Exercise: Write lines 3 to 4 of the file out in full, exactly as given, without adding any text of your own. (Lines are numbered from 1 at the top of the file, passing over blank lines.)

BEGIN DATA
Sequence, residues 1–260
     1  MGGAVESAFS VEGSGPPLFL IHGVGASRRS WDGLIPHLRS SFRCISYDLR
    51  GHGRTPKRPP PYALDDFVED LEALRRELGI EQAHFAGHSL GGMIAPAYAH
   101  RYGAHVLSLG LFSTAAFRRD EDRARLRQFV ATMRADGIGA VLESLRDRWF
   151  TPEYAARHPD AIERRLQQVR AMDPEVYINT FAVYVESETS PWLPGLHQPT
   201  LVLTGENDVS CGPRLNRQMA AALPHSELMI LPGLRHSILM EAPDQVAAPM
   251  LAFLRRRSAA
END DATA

    51  GHGRTPKRPP PYALDDFVED LEALRRELGI EQAHFAGHSL GGMIAPAYAH
   101  RYGAHVLSLG LFSTAAFRRD EDRARLRQFV ATMRADGIGA VLESLRDRWF